She explains what she's looking at: tall columns of pure light behind each of us. Our guardian angels, in other words.

"They can appear in human form, but it is just a disguise to make them less frightening," she explains.

"They don't always have wings, as such, but sometimes the light opens up and I can see a silhouette in the most beautiful colours, and, yes, sometimes golden and silver feathers.

"The important thing is that they are always with us and never leave us. Nobody dies alone. Your guardian angel takes your soul back to God. I saw my husband's angel take his soul in its arms when he died and bring him up to Heaven."

To a cynic it all sounds bonkers, of course, but the Irish woman isn't the first non-saint to have written of seeing the celestial beings.

Poets from William Blake to Rainer Maria Rilke, the celebrated German intellectual, described their experiences vividly.

Rilke saw his guardian angel as a strong, still, radiant, a pure divider "between the Here and There".

Blake saw them mingling with oblivious agricultural workers in a hay field outside London, and in a tree: their luminous wings "bespangled every bough like stars".

Various visual artists and actors, such as Denzel Washington and Gemma Arterton, have also spoken of their sightings. Lorna's experience is different, in that she says she is in constant communication with all sorts of angels - her own guardian angel, mine, yours, archangels, teaching angels, healing angels - the list goes on. Furthermore, her visions include the souls of the departed.

Our warm host at L'Ecrivain, Sallyanne Clarke, lost her much cherished 16-year-old son at Christmas four years ago when he took his own life, inexplicably and without any warning.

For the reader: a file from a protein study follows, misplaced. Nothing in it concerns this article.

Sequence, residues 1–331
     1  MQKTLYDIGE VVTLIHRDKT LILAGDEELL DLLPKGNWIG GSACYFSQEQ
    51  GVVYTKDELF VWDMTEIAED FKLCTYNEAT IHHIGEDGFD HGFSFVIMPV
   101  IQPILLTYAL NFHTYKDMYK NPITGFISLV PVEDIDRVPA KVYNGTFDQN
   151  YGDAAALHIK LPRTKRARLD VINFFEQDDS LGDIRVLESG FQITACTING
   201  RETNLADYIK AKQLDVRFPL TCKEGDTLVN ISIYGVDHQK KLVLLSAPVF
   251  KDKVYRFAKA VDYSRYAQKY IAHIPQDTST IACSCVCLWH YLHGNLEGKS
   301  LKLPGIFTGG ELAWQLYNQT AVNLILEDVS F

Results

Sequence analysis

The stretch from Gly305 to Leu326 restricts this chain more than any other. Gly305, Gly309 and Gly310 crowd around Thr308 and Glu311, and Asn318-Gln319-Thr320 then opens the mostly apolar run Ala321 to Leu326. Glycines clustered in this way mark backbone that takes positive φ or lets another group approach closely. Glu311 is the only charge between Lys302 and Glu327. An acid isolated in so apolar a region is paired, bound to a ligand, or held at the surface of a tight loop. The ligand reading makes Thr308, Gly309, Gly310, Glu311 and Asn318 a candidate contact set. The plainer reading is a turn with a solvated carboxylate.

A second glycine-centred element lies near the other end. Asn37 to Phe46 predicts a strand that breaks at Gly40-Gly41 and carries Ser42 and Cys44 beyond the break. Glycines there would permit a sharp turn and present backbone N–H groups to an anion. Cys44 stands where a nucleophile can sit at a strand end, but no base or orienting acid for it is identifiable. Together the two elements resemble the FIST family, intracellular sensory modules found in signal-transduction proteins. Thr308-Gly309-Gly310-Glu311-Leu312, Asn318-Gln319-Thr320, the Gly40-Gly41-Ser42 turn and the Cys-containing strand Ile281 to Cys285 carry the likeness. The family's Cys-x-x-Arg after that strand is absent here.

This is a very difficult time of year for the family, and Lorna acknowledges how tough it is for Sallyanne.

"He is around you all the time, you know that," she says, barely audible in the bustling dining room.

"He came up to the table with the waiter when he was bringing the wine to us.

"He was smiling and said it was his, for some reason. I don't know why but I know he is happy and that he is at peace."

Sallyanne blinks back the tears. I'm speechless. The wine she'd chosen, in advance, is a favourite of hers, a lovely rosé called - wait for it - Whispering Angel.

That's how she thinks of her lost son, although Lorna explains that souls and angels are two separate entities, and that our departed loved ones cannot become angels, as such.

Our souls, she asserts, are sparks of the divine light that is God, satellites of the mother-ship to which we return when we die, whereas angels are messengers and guides.

And some souls - including Lorna's husband Joe - are allowed to return to Earth to comfort their loved ones, even if they can't be seen, she claims.

"I see spirits several times on most days - people who have died and gone to Heaven and have come back momentarily for a particular reason," she says casually, with no fear of ridicule.

"Many people can feel the presence of a loved one who has died near them. Your guardian angel lets this spirit in to give you support or advise you, particularly at times when you need help. That spirit is there briefly to help you, and then it returns to Heaven.